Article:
Let’s be honest, most people are not flossing their teeth as much as they should.
Many people simply brush their teeth and leave it at that; however, that’s only half the job! It’s important that you floss your teeth to ensure that you’re getting a thorough clean and taking adequate care of those pearly whites! Flossing is an important part of a healthy smile.
What happens when we don’t floss?
You leave germs behind. Without flossing, you’re not able to remove dental plaque build-up between the teeth. There are over 1,000 bacteria in dental plaque. These bacteria can irritate the gum tissue, causing them to become red, inflamed and bleed easily, which then breeds more bacteria and even worse gum health. Gingivitis describes inflammation of the gums. Gingivitis, if left untreated, can progress to periodontal disease (bone damage).
What does flossing do?
Flossing helps remove food particles between the teeth, but it also removes the film of bacteria (plaque) that forms there before it has a chance to harden. It’s difficult to see plaque in your bathroom mirror, but trust us: it’s there! When plaque is not removed, it hardens into tartar which can only be removed through a professional cleaning by a dental professional. When tartar isn’t removed, brushing and cleaning between teeth become more difficult and the gums become inflamed. This condition is called gingivitis (gum disease), and if left unchecked, the bacteria-laden tartar and plaque can penetrate even deeper below the gum line, causing periodontitis. Periodontitis describes the inflammation of the tissues that support the teeth, causing swollen and sometimes receding gums, bone loss and loosening of the teeth. That is why you often hear dentists saying, “only floss the teeth you want to keep”.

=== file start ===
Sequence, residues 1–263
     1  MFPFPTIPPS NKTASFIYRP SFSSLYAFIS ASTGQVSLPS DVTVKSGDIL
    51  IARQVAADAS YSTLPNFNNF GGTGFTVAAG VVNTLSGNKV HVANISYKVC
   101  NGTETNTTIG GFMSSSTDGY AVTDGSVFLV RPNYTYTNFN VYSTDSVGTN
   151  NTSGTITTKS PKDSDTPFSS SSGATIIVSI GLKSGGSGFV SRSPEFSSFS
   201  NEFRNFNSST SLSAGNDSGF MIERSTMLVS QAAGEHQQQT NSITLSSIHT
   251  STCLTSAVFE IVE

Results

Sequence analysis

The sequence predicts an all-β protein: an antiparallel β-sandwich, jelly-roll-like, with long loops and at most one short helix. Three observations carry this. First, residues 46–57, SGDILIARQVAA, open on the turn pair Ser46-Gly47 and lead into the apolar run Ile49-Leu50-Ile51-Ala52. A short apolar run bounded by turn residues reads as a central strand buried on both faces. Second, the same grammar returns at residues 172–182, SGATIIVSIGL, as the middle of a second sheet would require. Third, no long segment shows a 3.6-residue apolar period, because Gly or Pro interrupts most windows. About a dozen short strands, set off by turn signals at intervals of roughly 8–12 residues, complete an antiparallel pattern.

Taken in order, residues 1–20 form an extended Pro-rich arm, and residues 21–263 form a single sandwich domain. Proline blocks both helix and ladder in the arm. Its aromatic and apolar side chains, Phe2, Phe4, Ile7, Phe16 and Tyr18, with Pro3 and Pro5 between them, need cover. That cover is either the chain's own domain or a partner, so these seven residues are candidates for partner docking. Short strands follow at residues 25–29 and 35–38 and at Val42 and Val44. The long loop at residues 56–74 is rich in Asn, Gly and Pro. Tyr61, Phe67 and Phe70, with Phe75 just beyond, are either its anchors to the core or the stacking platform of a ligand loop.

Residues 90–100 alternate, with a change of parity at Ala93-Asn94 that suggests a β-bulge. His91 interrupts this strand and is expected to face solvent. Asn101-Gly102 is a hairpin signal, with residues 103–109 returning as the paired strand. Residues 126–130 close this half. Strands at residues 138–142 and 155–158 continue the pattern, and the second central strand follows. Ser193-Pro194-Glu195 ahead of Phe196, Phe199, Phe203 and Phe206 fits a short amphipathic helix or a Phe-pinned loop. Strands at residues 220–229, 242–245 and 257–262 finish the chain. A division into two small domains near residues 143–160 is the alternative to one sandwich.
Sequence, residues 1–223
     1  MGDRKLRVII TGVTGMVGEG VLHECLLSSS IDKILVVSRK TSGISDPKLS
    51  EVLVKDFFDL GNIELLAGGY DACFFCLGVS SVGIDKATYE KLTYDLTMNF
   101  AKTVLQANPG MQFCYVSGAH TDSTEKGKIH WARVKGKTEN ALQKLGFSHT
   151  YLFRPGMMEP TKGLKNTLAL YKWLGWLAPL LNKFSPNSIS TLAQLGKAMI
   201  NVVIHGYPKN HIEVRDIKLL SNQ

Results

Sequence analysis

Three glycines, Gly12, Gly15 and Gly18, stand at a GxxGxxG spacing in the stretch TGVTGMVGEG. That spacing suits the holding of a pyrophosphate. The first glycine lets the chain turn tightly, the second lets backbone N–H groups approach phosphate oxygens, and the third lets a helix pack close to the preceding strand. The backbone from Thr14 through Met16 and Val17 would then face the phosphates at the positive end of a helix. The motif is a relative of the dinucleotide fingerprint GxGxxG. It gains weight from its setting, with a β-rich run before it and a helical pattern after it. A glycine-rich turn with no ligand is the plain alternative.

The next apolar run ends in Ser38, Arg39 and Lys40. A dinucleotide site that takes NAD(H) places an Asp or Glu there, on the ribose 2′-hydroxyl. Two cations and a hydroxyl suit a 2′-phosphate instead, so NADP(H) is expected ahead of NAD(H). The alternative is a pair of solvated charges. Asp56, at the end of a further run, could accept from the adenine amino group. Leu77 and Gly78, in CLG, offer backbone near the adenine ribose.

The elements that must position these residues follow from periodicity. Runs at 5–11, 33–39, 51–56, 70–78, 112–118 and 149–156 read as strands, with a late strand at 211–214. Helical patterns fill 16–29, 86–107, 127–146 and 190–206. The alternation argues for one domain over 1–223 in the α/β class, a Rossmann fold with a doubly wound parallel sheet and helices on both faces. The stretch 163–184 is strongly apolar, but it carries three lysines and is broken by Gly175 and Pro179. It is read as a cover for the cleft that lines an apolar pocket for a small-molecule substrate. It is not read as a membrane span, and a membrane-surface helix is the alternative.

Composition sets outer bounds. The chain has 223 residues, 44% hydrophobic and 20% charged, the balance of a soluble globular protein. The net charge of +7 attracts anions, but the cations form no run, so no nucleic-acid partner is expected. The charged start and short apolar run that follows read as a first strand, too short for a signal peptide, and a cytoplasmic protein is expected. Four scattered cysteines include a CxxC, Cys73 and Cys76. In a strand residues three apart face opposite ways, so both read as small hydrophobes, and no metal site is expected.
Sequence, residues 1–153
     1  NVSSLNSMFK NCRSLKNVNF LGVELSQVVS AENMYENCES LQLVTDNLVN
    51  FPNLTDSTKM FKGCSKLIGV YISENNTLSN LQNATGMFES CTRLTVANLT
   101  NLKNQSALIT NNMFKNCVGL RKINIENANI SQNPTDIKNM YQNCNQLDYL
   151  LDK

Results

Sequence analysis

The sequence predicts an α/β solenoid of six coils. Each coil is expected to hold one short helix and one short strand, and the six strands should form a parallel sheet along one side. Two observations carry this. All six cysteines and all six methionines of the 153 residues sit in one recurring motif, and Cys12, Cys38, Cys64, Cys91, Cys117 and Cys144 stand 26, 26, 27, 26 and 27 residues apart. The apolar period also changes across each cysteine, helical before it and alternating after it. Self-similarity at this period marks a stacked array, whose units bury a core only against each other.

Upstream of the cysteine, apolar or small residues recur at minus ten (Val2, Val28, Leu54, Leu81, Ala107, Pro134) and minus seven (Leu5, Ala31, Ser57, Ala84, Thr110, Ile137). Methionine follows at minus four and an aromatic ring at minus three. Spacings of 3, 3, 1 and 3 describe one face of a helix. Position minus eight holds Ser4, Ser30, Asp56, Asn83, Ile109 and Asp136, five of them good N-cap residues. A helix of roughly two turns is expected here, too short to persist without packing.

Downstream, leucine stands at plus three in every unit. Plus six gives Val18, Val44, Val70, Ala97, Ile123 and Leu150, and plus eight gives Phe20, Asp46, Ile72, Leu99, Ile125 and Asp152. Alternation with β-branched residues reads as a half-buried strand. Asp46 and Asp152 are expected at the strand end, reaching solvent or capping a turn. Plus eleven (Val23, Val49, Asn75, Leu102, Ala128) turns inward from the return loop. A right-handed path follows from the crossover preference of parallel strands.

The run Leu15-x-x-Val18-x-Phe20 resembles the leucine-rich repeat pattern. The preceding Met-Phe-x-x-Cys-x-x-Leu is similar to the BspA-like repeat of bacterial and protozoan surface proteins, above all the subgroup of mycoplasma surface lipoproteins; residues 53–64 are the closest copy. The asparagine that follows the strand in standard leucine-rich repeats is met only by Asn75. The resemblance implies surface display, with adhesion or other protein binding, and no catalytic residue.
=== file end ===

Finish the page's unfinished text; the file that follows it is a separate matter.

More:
Adequate flossing technique
If you have not flossed your teeth in a while, it may initially be an uncomfortable experience. However, once it becomes a regular habit, you will find that it becomes far easier, manageable and more comfortable.
When: The good news is that unlike brushing, you will only need to floss once a day. The time at which you choose to floss is completely up to you. You can floss either before or after brushing. However, if you use dental floss before you brush, the fluoride from the toothpaste has a better chance of reaching between teeth. Although you may choose to floss in the morning or afternoon, many people prefer to floss at night to prevent food and debris from remaining in between your teeth overnight. This timing could also work to prevent the build-up of calculus or tartar.
Take care when flossing your teeth. Gently glide the floss in between the teeth in a sawing motion. Use care not to snap the floss between the teeth as this may cause trauma to the tissue. Angle the floss so it hugs the tooth in a “c” shape. Gently slide the floss up and down the surface of the tooth making sure it goes slightly below the gum line.
Next, angle the floss to hug the tooth in the opposite direction and repeat.
Keeping your teeth healthy requires a good oral hygiene routine, and a good oral hygiene routine requires flossing!